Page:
New Data Shows Gifting To Charities Up 56% In Last 12 Months
Legacy gifting in wills has surged in popularity because of the coronavirus pandemic, new data has revealed.
Gifting money to charities in wills has shot up by 56% in the last 12 months, according to the latest figures from Co-Op Legal Services’ own business data, with a massive 81% increase between mid-March – when the lockdown first began – and June 2020.
Experts at top national law firm Irwin Mitchell say the figures are likely to be a mix of many looking to get a will in place while recognising that many charities would struggle to survive the economic hit that lockdown had on businesses – and that their own work reflects the same trend.
Expert Opinion“The new data confirms what we’re seeing anecdotally as well: the pandemic has caused many people to reassess their plans for the future, and we have seen an increase in demand for will writing, particularly through our charity partners.
“Many charities have been struggling this year with fundraising since the onset of the pandemic. Gifting within wills helps to ensure that they have a future income stream and helps to guarantee the important work they do can continue.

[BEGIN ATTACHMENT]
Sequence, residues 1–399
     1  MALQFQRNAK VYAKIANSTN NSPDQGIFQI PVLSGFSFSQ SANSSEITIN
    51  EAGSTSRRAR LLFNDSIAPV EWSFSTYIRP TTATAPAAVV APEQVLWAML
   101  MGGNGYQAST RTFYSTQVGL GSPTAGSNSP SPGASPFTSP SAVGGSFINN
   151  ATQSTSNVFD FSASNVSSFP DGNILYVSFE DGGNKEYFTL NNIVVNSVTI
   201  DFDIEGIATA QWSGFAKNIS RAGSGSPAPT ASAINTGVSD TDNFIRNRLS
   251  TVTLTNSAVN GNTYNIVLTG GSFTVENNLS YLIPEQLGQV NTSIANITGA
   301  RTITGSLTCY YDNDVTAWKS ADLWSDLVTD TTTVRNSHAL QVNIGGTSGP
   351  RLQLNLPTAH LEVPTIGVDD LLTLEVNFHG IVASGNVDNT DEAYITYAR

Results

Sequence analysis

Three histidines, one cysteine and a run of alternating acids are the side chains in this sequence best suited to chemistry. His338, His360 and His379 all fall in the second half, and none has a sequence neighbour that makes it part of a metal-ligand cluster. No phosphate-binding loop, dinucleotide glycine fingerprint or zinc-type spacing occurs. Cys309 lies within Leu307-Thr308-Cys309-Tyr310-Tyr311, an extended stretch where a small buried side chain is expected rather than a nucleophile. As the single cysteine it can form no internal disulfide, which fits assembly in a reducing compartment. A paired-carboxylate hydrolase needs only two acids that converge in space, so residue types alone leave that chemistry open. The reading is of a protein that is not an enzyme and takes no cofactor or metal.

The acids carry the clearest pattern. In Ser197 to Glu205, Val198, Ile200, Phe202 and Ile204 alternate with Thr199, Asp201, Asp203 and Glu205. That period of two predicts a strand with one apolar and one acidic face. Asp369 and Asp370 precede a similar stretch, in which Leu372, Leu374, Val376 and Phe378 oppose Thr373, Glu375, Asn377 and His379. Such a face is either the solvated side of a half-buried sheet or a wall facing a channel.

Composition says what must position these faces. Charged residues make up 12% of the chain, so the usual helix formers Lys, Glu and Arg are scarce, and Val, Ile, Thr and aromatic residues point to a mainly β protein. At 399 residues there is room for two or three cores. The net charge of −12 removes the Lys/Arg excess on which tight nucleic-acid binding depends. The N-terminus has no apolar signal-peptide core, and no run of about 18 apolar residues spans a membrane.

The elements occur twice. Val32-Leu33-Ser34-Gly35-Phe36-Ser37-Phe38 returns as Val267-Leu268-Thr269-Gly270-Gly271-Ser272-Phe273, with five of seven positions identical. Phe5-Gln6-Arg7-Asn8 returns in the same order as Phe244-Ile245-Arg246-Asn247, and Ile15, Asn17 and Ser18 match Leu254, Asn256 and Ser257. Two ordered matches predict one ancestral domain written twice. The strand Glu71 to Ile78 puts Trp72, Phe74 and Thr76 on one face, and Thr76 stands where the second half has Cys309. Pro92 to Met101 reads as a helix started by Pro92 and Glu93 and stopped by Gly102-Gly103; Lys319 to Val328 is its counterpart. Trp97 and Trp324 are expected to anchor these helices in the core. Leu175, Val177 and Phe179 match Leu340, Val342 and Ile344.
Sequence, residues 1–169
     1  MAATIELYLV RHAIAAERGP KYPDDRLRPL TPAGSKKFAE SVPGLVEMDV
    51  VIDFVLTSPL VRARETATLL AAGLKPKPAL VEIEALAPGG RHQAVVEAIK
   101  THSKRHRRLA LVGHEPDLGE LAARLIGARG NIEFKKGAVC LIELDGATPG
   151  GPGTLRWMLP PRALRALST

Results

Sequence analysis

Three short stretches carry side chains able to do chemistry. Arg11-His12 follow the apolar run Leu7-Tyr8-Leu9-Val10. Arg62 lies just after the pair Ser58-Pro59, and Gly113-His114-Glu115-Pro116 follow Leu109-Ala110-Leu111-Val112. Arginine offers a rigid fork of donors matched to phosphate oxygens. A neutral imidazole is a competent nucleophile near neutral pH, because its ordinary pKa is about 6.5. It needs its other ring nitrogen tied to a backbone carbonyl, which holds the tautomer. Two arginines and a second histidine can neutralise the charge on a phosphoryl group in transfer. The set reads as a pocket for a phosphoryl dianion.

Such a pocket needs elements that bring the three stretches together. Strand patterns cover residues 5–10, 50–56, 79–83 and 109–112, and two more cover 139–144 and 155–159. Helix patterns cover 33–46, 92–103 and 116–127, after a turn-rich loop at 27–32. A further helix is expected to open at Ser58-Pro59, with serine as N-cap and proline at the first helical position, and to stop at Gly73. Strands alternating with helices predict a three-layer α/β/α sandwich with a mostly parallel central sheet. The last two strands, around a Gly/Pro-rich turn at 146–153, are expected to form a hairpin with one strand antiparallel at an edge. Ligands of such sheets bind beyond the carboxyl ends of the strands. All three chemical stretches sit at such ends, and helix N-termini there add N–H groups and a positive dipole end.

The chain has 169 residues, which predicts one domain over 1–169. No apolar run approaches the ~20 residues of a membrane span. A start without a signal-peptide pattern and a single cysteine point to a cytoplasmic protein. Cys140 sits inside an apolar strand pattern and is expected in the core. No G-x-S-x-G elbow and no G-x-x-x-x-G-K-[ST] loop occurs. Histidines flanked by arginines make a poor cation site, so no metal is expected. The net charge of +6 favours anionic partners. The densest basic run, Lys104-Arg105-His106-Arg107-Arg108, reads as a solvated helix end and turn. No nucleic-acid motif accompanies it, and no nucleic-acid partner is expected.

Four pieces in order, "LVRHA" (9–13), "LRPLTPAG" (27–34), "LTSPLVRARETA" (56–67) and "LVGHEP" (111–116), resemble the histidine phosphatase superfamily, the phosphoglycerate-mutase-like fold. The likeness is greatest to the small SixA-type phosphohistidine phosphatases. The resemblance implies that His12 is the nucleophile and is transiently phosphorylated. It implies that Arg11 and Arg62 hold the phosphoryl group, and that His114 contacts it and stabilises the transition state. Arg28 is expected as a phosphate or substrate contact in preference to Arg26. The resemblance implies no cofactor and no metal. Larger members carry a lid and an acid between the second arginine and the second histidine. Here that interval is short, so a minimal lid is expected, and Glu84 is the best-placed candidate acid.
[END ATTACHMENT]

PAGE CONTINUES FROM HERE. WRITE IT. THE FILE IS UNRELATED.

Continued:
“Some of our clients are unaware that the option to leave to charity even exists and once suggested to them, are eager to ensure their favoured charity is supported. Without being made aware of this, they perhaps wouldn’t have signed up to charity gifting in the same way during their lifetime." Emma McCann - Partner
The added bonus of gifting to charities in wills is little-known, but valuable – and can even be used as a way of decreasing inheritance tax.
Emma continued: “There are different options within wills for charity gifting including a share of the overall estate, a specific amount or a gift within a trust to be used over a longer period of time. Leaving legacies to charities can also be a very tax-efficient way of structuring your will as these types of gift are tax free.
“In addition, if a gift of over 10% of the taxable estate is left then this can reduce the overall amount of inheritance tax payable and have a positive effect on the rest of the estate.”